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Choke selection for AC line

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spartekus

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Hi all,

I has been searching since hour and couldnt find what i wanted to learn.
I will make a circuit, input of the circuit will be 230VAC(rms), 50Hz. I want to use Choke against to disturbance on the line. Can anyone tell me, what kind choke should i use, and how can i determine it's inductance and rated current?

Thanks a lot
 

betwixt

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The type of choke depends on what the disturbance you are trying to eliminate is. The idea of a choke is to let one signal through (the 50Hz AC power) without hindering it but to block the passage of other unwanted signals. You need to specify what kind of signals you are trying to block and also you need to specify the current carrying capacity of the choke. That depends on the load (current in Amps) you are passing the AC on to.

Brian.
 

spartekus

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Sorry if it sounds newbei, i just wanted to use choke, to have proper %50Hz sinus, and prevent harmonics.
I also read it is good against emc problems.
The load can have max 600mA(rms). It is a inductive load, but i dont know inductance of the load(solenoid).

Thank you.
 
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betwixt

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If it's an inductive load it should ignore most incoming interference and produce no constant EMC from itself. Sounds like what you really need is an X2 rated capacitor across the AC rather than an inductor in series with it.

Brian.
 

spartekus

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there will be also triac and optocouplers, voltage of ac load will be decided via triac.
Do you think, i dont need any choke? TRiac will be triggered by microcontroller(microcontroller is not on my circuit, it is other circuit).

i decided to use two varistor one is for input of circuit against to overvoltage second paralell to load against inrush current. Am i doing right?
thank you
 

betwixt

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Triacs will introduce switchig transisents so in that case you should use a filter. I would be inclined to use a ready made one such as these examples:
http://uk.farnell.com/webapp/wcs/st...tegoryId=700000005487&langId=44&storeId=10151

To stop inrush current you have to wire something in series with the incoming power so it limits how much can flow. Look for NTC thermistors or something like these:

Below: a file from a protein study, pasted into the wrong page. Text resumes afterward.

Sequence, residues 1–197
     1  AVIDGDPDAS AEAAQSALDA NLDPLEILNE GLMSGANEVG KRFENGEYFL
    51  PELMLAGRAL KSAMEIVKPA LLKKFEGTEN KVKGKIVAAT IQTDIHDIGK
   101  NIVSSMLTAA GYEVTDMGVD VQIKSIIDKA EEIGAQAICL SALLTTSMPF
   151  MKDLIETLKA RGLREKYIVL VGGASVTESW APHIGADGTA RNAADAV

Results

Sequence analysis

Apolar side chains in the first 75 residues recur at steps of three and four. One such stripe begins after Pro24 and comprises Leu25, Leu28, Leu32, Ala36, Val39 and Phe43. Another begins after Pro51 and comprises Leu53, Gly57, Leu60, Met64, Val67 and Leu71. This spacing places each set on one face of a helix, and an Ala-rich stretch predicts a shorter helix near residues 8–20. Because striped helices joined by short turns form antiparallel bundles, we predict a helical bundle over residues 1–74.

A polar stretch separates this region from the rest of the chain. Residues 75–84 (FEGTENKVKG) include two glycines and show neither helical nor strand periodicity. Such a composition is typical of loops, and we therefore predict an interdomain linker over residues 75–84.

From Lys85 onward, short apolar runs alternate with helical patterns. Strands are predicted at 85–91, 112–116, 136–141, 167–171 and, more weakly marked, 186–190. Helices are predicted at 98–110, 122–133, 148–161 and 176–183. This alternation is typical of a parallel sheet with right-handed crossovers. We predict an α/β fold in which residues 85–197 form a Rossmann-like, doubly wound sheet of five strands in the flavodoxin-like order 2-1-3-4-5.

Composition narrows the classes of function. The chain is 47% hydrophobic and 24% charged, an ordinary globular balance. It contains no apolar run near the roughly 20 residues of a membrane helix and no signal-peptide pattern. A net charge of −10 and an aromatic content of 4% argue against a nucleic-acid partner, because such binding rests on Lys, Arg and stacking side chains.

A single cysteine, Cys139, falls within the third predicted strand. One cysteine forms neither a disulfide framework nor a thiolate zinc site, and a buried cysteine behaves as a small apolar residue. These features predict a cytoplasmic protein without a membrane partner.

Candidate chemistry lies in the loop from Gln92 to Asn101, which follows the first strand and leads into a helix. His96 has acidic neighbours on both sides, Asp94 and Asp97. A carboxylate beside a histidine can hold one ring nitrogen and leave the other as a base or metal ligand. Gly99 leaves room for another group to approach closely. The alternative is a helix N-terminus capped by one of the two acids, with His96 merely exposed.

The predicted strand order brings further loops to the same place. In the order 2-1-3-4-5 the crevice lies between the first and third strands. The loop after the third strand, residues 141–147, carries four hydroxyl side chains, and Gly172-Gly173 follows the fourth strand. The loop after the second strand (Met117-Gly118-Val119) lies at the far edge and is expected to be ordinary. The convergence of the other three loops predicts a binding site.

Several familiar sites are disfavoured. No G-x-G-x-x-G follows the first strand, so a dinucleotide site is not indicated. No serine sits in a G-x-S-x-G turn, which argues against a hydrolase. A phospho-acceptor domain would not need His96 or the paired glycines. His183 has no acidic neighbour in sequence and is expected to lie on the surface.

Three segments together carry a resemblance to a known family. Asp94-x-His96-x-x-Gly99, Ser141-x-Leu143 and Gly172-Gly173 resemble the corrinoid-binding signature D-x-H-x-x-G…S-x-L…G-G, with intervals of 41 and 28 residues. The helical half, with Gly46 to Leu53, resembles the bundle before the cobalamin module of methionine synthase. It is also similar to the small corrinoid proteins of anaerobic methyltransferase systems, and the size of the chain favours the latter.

http://uk.farnell.com/webapp/wcs/st...tegoryId=700000005940&langId=44&storeId=10151

For over voltage you wire across the incoming lines so it can clip the excess and convert it to heat. More examples:
http://uk.farnell.com/webapp/wcs/st...mov&pageSize=25&showResults=true&pf=110326048

Brian.
 

spartekus

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thank you, it will be my first circuit, every knowledge is usefull to me.
Could you tell me, what is difference between,
current limiter and surge absorber, varistor? When would i need surge absorber varistor, it is different than overvoltage varistors i assume.
i was thinking to use this before you told me about current limiter
http://uk.farnell.com/panasonic-ele...stor-14mm-disc-430v/dp/1845473?ost=ERZV14D431

Ali
 

betwixt

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A current limiter is basically a resistor you wire in series with the incoming current. You could use a normal resistor but then it would always be limiting the current when you really only want it to work for a moment at the time you switch on. The special property of surge (inrush) limitiers is their resistance drops sharply when they warm up. When you first switch on they are assumed to be cold and have a relatively high resistance so the current is kept low but the internal heat they generate warms them up and makes the resistance drop, making them look more like a short circuit. This is why they are called NTC devices, NTC = Negative Temperature Coefficient. So they are designed to run warm or hot in normal operation.

A surge absorber (aka varistor or MOV) is also a resistor but this time with a different property. It's value is normally very high so little current flows through it but at a certain voltage the resistance drops sharply. In a circuit where something before the absorber can limit or cut the current, wiring one across the voltage makes it conduct if the voltage is exceeded so it can't go any higher. So you normally pick a 'clamping voltage' a little higher than the highest voltage you expect to see in normal use, the absorber then does nothing but if the voltage increases it (hopefully) safely conducts it away. The mechanical design of the absorber is such that it can handle very brief high current surges, often in the thousands of amps range, without damage although it can only sustain that kind of current for a tiny fraction of a second.

Brian.
 

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